specified storefront ($349/yr). They have a free service that monitors basic site availability and will e-mail you weekly status reports that I've used over the past few years. Manage.com offers a complete eCommerce package, starting at several tens of thousands of dollars, with in-depth monitoring of various processes.
The tricky part for each of these companies is measuring the
performance of complex sites. Consider the following:
- eCommerce means more than just being able to click on a few buttons. Keynote's measurements are misleading when it comes to eCommerce, because the total customer experience isn't measured. The trouble is more than just going to a few pages and placing the order: the overall eCommerce experience extends to e-mail confirmations of the order and how promptly the vendor actually delivers the goods to the customer.
Mercury's offerings can measure these things, but you have to set it up properly.
- Dynamic elements of various Web pages, including banner ads, special coded links, and database content. These introduce delays and additional complexity for Web visitors. For example, on my site I have a button next to my Web Informant subscription page. The graphic for the button comes from my mailing list provider, eGroups. If the eGroups site is down, the graphic won't display properly, and people can't sign up for a subscription either. How should the performance of this page be measured - when all the page elements are visible? What if my site is performing quickly but eGroups is lagging - how should this be reported? Service Metrics claims to support dynamic page elements with its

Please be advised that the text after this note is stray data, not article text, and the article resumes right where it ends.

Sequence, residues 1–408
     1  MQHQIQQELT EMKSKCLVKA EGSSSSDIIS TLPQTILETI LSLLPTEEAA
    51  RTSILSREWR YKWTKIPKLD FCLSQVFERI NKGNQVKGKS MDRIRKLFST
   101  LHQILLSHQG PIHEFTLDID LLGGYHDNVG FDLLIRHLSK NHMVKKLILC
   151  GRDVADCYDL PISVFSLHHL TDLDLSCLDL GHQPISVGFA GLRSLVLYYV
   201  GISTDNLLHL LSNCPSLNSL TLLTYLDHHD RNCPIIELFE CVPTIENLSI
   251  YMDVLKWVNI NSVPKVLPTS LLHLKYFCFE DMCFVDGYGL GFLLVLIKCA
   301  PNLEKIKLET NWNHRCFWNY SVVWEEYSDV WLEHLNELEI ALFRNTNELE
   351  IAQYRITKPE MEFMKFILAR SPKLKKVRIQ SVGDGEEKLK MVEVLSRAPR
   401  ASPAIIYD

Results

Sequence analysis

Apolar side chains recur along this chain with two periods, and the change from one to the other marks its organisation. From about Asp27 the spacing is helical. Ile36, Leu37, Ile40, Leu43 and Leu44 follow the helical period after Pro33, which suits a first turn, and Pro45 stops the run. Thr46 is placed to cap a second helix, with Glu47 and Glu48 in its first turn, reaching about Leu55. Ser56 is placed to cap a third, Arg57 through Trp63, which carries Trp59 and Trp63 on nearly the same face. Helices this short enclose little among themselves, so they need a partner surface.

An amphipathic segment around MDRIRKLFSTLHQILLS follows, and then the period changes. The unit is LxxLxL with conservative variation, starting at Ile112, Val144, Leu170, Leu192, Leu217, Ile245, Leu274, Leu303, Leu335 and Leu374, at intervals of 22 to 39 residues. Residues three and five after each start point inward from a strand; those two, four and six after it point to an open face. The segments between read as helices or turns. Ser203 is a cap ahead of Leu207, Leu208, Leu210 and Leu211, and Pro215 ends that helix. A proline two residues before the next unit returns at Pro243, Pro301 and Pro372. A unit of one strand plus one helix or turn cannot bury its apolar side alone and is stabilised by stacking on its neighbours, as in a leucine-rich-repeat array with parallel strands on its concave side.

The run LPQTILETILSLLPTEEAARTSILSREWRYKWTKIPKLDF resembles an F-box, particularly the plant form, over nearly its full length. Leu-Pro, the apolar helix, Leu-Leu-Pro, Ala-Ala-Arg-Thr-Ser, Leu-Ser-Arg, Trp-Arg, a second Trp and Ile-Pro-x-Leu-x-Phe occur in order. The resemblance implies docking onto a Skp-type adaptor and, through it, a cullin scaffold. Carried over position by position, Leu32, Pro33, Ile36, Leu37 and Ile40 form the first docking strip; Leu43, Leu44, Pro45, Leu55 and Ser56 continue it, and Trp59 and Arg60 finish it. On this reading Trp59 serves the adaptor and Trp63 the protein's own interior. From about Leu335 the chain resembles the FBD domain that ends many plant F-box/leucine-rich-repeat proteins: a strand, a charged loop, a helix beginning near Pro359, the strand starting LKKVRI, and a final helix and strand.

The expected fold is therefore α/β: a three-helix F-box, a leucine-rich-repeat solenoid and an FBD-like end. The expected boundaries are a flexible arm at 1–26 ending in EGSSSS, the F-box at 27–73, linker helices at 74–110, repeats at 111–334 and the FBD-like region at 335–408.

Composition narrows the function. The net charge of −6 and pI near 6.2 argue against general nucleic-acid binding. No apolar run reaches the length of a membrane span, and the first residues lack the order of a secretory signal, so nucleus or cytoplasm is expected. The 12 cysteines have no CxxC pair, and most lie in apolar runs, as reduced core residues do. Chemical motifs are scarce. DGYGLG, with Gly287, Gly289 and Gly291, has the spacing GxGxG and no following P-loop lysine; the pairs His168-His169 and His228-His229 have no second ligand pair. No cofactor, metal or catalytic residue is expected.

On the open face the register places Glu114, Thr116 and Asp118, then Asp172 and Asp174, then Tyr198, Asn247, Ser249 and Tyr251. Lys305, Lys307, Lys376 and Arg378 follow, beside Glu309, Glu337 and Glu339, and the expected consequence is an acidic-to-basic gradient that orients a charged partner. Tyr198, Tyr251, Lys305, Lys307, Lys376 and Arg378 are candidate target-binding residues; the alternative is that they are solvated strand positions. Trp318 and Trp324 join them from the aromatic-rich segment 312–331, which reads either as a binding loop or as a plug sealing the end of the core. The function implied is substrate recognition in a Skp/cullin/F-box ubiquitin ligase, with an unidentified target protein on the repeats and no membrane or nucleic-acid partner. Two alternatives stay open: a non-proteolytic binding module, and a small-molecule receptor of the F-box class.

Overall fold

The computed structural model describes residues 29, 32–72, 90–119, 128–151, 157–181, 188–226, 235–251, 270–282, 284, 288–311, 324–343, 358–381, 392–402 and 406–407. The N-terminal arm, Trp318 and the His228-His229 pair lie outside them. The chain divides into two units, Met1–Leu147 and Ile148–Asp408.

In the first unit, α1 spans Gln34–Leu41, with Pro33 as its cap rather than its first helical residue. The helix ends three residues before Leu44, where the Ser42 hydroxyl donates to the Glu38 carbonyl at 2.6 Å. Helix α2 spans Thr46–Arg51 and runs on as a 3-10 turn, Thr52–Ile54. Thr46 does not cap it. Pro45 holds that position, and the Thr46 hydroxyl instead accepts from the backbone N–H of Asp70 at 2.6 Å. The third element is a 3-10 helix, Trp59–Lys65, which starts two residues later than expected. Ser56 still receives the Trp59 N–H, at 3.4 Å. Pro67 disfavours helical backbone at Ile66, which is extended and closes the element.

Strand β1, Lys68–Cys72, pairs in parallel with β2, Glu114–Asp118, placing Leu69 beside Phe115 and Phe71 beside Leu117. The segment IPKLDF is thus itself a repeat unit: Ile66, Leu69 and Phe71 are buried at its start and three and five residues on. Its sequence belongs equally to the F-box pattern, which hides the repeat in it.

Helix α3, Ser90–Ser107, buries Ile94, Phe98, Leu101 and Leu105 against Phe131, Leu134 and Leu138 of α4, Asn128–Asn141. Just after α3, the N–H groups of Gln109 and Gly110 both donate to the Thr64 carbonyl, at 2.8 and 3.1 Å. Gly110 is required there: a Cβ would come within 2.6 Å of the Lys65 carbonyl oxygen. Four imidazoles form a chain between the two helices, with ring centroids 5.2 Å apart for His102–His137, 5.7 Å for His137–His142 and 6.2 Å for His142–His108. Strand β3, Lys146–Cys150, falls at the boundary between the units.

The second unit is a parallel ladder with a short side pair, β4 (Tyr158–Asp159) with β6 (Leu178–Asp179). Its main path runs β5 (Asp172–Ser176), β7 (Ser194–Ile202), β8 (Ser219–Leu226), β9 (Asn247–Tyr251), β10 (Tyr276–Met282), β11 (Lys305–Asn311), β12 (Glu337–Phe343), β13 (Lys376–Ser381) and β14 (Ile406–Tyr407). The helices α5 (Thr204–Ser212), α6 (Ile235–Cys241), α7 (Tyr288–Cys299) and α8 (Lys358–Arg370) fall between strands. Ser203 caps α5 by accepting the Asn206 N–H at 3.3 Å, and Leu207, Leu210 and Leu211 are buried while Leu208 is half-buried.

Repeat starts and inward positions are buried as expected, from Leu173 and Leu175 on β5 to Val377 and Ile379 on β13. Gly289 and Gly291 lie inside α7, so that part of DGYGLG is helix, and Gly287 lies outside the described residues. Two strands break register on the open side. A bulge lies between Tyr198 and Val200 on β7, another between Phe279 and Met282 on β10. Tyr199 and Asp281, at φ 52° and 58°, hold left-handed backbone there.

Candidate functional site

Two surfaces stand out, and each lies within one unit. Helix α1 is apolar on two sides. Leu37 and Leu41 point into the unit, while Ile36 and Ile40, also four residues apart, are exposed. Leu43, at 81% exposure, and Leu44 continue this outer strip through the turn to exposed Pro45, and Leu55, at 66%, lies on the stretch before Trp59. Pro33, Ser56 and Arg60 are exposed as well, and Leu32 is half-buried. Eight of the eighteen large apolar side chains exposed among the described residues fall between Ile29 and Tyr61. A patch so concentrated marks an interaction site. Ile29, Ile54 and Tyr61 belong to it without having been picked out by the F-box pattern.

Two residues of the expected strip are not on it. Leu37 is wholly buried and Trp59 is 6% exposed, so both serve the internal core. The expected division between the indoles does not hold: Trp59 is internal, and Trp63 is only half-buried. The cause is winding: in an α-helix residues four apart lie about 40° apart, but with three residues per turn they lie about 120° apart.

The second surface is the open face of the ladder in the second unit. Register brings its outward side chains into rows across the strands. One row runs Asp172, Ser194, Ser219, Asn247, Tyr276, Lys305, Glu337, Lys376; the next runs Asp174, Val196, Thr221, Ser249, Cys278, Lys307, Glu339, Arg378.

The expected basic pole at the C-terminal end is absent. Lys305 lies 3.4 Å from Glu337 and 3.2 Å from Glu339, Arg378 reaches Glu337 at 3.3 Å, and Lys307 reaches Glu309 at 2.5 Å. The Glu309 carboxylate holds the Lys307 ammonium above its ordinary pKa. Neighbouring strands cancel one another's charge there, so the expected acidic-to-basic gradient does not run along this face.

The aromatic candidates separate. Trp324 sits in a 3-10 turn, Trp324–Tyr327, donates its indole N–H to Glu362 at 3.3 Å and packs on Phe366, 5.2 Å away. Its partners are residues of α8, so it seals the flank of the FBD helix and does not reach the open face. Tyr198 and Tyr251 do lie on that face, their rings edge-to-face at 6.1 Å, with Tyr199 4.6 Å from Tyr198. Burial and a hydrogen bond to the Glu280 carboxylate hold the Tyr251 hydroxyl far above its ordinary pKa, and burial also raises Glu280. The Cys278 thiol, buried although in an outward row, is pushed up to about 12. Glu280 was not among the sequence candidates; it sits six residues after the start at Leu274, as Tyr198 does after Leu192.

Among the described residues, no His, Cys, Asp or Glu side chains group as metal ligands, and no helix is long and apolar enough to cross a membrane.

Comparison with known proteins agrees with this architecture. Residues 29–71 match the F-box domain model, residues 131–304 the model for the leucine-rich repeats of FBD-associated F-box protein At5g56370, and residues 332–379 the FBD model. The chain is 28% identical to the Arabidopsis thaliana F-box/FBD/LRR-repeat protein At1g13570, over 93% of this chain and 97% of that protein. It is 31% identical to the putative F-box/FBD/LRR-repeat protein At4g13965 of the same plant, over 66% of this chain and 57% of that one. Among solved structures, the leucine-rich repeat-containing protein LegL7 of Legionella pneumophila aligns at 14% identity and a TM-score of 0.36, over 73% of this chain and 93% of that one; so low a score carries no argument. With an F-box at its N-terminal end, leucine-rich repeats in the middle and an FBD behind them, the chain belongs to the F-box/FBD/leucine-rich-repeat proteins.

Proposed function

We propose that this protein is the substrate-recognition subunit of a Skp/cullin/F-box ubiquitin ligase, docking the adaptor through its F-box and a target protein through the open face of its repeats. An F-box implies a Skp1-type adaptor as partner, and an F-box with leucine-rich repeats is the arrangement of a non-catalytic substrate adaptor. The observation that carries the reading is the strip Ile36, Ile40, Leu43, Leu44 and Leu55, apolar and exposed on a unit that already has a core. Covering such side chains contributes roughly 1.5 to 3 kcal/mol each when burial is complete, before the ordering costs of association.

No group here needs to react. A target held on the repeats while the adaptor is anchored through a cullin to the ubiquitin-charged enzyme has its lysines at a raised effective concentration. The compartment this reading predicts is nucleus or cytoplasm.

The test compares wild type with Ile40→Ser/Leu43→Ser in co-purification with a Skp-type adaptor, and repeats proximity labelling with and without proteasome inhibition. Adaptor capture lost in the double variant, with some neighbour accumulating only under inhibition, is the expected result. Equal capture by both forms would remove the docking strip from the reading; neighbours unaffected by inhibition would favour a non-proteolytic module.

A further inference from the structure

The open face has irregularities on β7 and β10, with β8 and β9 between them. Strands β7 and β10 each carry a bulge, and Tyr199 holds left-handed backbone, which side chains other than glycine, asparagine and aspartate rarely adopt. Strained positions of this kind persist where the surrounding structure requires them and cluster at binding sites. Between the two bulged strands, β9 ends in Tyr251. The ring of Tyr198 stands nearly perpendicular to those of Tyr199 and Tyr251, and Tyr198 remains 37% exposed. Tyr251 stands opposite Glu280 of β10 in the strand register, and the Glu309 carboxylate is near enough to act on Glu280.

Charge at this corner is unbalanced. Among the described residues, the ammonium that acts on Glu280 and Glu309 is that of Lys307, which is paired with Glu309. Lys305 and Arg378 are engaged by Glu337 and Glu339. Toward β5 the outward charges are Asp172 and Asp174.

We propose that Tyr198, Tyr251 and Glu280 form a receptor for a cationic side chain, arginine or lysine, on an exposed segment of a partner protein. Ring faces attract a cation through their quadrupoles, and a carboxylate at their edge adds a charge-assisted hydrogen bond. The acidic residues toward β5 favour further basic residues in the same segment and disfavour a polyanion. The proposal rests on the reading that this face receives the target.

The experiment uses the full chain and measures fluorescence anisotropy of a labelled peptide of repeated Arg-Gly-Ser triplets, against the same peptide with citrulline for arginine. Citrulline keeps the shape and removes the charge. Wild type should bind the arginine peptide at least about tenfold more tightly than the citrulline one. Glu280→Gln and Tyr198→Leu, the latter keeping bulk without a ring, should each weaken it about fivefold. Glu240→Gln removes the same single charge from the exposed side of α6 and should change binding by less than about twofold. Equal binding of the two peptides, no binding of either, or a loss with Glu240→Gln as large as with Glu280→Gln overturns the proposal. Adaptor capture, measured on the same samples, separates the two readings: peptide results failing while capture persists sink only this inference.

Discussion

latest software release, called SourceTracker. But I couldn't find any other information about this product on the company's Web site.
- Aggregating data is dangerous, particularly on the Internet, where different service providers can account for varying populations of users. An outage at MAE-East affects tens of thousands of users. An outage at a small ISP may not affect any customers for a particular storefront. And the monitoring service may only check once an hour or once every 15 minutes, but the site being monitored may be down or
experiencing difficulties in between these times. Mercury's products and services can be tailored to monitor at specific times and intervals.
- Data ownership. On the Internet, privacy is a big concern and many companies can be reluctant to have their data living on some third party's hard disk, however carefully protected it might be.
Without careful scrutiny of the methods used to produce each
vendor's reports, it is hard to say exactly what each company is measuring. If you are interested in purchasing one of these products, I urge you to examine the reports produced and understand the kind of measurements you are getting for your money. And good luck keeping your site up.
Happy holidays, one and all.
Copyright © 1999, 2000 media.org.
Web Informant copyright 1999 by David Strom, Inc., reprinted by permission
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ISSN #1524-6353 registered with U.S. Library of Congress.